Week 12 – Generalizing the MIMO algorithms to a vector basis.

As I described in my last blog post, we changed the structure of the receiver.
This week, I intensively worked on the implementation of the additionally required signal processing blocks. All in all, the blocks are finished now, but there is still a lot of testing to be done. Generalizing the MIMO algorithms to a vector basis

Next to the new blocks, I had to generalize the MIMO decoder algorithms to a vector basis to use it in the OFDM system with a vector size equal to the FFT size. This is caused to the size of the input items of the respective blocks: The MIMO encoder is placed before the OFDM modulation which equals an FFT operation. The input data is therefore still a stream of complex samples and no vectors would be needed here. This situation changes, when we pass the data through the channel with a multi carrier system, like OFDM. Although each sub-carrier can be assumed as flat, the whole OFDM channel is still frequency selective, which means that each carrier has a different channel matrix. As I described last week, the MIMO-OFDM channel estimator measures these different channel matrices by estimating the CSI of the sub-carriers that carry pilot symbols and linear interpolates between the CSI for the remaining sub-carriers. The CSI for one FFT vector is therefore a 3-dimensional vector, including the dimensions sub-carrier, receive antenna, transmit antenna. We wouldn’t want to distribute this CSI tag from its vector to a CSI tag for each sample, because stream tags are not very efficient. This could become a pontential performance bottleneck, because we would finally have a CSI tag on each sample. Staying vectorized therefore reduces the number of tags about the factor of the occupied OFDM sub-carriers in comparison to a stream mode. Additionally, the vector based processing leads to a very compact and understandable integration of the MIMO coding into the OFDM system.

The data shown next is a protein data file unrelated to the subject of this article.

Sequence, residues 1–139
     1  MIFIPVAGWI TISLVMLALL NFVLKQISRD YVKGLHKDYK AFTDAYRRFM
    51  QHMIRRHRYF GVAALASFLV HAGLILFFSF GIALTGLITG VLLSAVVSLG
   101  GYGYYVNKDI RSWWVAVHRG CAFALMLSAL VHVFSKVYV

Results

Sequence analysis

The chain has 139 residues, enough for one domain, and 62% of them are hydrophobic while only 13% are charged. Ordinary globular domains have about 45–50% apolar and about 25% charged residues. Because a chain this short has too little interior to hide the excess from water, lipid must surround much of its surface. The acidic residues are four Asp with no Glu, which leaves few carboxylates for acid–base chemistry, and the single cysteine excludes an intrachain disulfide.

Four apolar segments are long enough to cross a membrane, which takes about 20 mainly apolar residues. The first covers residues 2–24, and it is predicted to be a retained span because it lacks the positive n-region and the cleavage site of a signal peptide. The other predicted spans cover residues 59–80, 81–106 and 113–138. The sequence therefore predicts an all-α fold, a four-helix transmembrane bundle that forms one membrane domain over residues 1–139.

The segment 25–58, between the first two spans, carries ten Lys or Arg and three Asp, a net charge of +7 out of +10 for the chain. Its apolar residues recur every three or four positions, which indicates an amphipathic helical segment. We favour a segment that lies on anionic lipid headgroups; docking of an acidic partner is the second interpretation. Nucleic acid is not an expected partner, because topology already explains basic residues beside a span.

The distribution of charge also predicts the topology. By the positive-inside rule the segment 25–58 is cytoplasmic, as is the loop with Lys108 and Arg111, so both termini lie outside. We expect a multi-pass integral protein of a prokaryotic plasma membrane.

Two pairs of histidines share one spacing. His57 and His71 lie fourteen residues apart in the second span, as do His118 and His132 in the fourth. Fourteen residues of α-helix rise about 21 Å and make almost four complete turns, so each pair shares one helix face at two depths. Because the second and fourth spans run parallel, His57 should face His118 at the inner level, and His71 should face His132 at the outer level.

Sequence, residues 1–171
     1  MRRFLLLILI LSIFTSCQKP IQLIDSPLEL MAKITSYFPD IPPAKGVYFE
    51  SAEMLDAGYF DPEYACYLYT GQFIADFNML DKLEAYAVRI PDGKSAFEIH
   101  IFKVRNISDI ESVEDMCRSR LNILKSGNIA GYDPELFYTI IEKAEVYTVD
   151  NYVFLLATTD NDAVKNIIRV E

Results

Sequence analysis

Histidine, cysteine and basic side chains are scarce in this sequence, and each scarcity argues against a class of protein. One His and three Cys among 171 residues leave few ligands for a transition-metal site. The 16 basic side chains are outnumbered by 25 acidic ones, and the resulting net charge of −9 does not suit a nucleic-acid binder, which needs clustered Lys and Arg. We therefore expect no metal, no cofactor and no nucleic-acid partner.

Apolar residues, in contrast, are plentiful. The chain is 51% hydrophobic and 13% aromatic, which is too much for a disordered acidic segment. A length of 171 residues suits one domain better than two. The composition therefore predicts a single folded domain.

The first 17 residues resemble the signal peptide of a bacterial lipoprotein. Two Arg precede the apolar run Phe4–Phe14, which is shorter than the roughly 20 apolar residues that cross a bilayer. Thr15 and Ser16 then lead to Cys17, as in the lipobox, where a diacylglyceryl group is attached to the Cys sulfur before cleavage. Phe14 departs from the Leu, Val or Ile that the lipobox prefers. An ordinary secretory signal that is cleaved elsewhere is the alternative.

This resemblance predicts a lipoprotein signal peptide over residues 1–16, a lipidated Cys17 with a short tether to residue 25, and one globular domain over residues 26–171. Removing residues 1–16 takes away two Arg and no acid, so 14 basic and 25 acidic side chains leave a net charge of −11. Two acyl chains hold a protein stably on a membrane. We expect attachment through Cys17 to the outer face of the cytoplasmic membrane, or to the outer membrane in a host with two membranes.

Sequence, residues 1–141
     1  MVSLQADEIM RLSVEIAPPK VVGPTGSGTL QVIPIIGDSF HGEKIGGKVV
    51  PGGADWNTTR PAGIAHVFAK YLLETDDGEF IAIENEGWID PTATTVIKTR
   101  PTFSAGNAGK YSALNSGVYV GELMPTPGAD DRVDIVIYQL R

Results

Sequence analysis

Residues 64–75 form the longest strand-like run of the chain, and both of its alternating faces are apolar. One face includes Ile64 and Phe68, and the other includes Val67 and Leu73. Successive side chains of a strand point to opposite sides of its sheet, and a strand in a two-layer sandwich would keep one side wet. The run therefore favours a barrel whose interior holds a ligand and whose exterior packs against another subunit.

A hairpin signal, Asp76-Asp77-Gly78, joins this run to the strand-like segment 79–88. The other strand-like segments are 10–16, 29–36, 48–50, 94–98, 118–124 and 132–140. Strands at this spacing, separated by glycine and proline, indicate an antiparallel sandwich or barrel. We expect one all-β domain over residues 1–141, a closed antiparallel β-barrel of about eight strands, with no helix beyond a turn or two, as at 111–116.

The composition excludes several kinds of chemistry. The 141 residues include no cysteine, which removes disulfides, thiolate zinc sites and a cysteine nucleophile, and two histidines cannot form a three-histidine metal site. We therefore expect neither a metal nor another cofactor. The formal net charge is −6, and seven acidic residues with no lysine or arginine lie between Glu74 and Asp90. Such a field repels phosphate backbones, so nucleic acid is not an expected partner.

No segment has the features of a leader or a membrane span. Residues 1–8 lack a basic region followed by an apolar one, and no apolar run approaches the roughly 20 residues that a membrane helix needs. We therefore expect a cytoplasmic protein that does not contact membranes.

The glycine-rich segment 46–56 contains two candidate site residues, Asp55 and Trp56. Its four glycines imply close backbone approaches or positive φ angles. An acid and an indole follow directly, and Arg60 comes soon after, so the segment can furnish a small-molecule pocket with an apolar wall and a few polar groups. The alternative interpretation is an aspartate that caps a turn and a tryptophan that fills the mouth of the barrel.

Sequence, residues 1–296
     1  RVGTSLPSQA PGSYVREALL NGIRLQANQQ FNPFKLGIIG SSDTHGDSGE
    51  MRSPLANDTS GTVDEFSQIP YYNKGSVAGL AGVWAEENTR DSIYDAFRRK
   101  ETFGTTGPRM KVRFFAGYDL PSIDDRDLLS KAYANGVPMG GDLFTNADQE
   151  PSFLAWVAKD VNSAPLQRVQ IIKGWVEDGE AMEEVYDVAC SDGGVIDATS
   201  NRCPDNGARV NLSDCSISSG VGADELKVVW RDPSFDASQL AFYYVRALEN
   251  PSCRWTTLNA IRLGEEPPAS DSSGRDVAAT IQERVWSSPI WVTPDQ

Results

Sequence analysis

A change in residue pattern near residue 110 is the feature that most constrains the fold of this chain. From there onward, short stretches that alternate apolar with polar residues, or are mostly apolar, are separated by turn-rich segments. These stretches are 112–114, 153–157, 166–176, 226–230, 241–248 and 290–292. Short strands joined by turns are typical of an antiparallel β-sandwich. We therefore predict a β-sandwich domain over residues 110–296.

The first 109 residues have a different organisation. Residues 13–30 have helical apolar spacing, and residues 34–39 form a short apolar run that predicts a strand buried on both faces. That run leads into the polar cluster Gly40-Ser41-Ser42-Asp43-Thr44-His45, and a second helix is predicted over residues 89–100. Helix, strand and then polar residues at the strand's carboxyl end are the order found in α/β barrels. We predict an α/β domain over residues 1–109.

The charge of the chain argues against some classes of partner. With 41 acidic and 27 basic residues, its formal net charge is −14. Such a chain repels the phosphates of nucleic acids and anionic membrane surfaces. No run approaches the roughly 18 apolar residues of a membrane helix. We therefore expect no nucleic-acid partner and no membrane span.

Regarding the MIMO-OFDM receiver, I finished all the required blocks to build up the MIMO receiver. I also did a loopback from the MIMO-OFDM transmitter to the receiver over a flat and constant channel. I generally get a data throughput and can therefore say, that the MIMO-OFDM transceiver somehow works. However, at some point, the data gets corrupted from time to time, executing the same test multiple times. I spend a lot of time with debugging this week, but I could not locate the bug, yet. I am assuming, that the error occurs, when the buffer sizes are scheduled different (in comparison to the test executions, which succeed).


Next week is the final week of GSoC 2018. I hope that I will find the bug in the receiver chain. After that I am going to do a final wrap up, so that we can merge the produced code back into GNU Radio’s gr-digital module.



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